You and your little ones might recognise Dr Ranj Singh as the presenter of CBeebies’ Get Well Soon. Dr Ranj has teamed up with Family Traveller to write regular columns to tackle your holiday health issues and ensure you are covered for any situation.
Here, Dr Ranj advises on what you should pack in your family's holiday health kit.
This is the staple ingredient of any health kit: something for pain and/or fever, such as paracetamol or ibuprofen. What you take depends on what you prefer and whether there’s any reason your child can’t take it. So, as with any medication, always read the instructions and bear in mind that different ages may have different doses. When used properly, paracetamol and ibuprofen are 2very safe and can even be used together.
Allergic reactions, to food or insect bites, can happen at any time and are not unusual on holiday since you’re in a new and unusual environment. To help you deal with these, make sure you pack some anti-allergy medicine and/or cream. Remember to always seek edical advice if the allergy is severe.
Having a dodgy tummy is common on holiday, but usually not serious. Often, it is caused by a virus and will pass with rest and rehydration. If you or a member of the family has diarrhoea and vomiting, then the best thing is to rehydrate with oral rehydration solutions that replace sugar and salts.
Creams and ointments that repel insects are useful for two reasons: firstly, they stop you getting bitten, and secondly, they reduce your chances of picking up things like malaria or dengue (in some parts of the world). Make sure whatever you use contains something like DEET, the active ingredient. It’s a good idea to test a little patch before you go on holiday to make sure it doesn’t irritate.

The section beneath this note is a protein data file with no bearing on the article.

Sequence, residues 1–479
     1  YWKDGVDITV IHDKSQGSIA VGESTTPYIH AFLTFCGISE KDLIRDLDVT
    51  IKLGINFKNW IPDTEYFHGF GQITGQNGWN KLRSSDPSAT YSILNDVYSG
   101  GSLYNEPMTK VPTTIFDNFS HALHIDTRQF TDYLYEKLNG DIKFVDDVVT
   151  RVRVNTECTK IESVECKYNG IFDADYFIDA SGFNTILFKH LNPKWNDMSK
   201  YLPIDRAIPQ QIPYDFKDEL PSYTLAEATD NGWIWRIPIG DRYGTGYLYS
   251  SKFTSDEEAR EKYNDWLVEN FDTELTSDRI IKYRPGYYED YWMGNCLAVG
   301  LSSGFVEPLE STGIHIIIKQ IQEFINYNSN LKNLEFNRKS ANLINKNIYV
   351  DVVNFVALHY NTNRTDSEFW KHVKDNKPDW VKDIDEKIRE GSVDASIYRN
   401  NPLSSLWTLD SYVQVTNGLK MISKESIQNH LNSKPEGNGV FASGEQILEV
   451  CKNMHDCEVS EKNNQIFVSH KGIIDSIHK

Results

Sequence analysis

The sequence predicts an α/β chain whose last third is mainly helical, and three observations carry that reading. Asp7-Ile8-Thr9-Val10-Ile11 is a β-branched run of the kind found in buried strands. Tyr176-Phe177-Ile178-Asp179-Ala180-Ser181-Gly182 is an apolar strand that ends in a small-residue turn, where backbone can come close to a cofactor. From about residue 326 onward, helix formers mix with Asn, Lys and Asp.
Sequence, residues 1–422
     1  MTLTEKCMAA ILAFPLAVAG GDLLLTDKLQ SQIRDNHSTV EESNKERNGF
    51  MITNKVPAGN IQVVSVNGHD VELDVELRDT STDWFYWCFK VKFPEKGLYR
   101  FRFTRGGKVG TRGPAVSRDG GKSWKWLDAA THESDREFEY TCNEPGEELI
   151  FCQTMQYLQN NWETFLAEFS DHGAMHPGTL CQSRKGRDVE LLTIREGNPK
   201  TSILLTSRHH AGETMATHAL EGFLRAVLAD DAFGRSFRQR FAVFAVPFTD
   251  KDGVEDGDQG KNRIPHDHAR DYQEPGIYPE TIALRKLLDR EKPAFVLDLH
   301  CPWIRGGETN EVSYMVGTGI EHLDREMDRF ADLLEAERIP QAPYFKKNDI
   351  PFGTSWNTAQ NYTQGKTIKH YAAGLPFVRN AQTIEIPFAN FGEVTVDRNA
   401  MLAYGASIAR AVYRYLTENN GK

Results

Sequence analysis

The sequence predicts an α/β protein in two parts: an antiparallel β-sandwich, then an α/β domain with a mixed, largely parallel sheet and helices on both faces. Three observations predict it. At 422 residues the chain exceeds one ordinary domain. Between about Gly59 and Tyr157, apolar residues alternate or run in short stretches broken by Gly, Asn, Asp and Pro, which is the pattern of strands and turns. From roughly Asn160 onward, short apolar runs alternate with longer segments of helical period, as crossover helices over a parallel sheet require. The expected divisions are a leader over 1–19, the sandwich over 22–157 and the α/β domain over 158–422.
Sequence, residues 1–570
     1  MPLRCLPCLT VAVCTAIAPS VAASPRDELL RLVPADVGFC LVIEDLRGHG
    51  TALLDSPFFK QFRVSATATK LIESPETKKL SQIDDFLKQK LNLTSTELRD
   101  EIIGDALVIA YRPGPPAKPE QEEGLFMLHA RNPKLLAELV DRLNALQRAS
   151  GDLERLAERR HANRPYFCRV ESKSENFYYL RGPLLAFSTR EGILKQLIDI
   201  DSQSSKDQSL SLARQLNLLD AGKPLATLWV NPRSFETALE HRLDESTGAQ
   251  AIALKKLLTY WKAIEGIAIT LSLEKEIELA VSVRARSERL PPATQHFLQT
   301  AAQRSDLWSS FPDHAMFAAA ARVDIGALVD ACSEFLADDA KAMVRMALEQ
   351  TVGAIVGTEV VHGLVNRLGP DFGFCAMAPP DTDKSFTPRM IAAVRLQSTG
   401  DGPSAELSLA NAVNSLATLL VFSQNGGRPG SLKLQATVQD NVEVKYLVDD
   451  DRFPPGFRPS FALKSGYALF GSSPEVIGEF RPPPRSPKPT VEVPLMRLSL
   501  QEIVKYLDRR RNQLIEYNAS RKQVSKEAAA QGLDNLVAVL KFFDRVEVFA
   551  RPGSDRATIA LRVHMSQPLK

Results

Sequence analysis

Although not strictly necessary (as basic soap and water will do the trick just fine), sometimes it's useful to have a sterilising hand gel or sanitiser for times when you may not have access to the usual cleaning materials. This can be particularly useful in places where hygiene levels or water quality are not ideal. You can get them in alcohol-based and alcohol-free versions – whichever suits you best.
Pack this if you're going anywhere hot or where you'll be exposed to the sun. Many people don't realise that water and snow reflect the sun a lot, too, so don't forget to use it around pools or when skiing. As a rule, use at least factor 30, make sure it has UVA and UVB protection and reapply regularly.
Getting injured is just as likely as getting ill abroad, so throw in a few different-sized plasters and bandages just in case. Make sure you clean wounds properly before bandaging them up. Anything that's more than a minor injury should be checked by a medical professional.
Lots of us have medical require long-term medication. Make sure you take enough of your usual medicines to cover your trip (and extra in case of delays). This includes inhalers and EpiPens (adrenaline auto-injectors), which can be life-saving if you have asthma or severe allergies. Check with your doctor if you need a letter to carry it in your hand luggage.